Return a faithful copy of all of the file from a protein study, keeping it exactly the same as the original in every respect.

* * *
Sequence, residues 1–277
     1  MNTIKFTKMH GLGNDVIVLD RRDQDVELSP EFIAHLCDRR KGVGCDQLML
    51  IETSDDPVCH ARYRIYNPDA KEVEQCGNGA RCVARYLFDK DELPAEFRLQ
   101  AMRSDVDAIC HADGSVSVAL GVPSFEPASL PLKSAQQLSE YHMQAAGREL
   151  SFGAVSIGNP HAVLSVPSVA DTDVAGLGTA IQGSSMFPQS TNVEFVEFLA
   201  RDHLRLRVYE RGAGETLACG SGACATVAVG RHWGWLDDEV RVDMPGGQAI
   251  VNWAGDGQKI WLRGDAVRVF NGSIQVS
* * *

Sequence, residues 1–277
     1  MNTIKFTKMH GLGNDVIVLD RRDQDVELSP EFIAHLCDRR KGVGCDQLML
    51  IETSDDPVCH ARYRIYNPDA KEVEQCGNGA RCVARYLFDK DELPAEFRLQ
   101  AMRSDVDAIC HADGSVSVAL GVPSFEPASL PLKSAQQLSE YHMQAAGREL
   151  SFGAVSIGNP HAVLSVPSVA DTDVAGLGTA IQGSSMFPQS TNVEFVEFLA
   201  RDHLRLRVYE RGAGETLACG SGACATVAVG RHWGWLDDEV RVDMPGGQAI
   251  VNWAGDGQKI WLRGDAVRVF NGSIQVS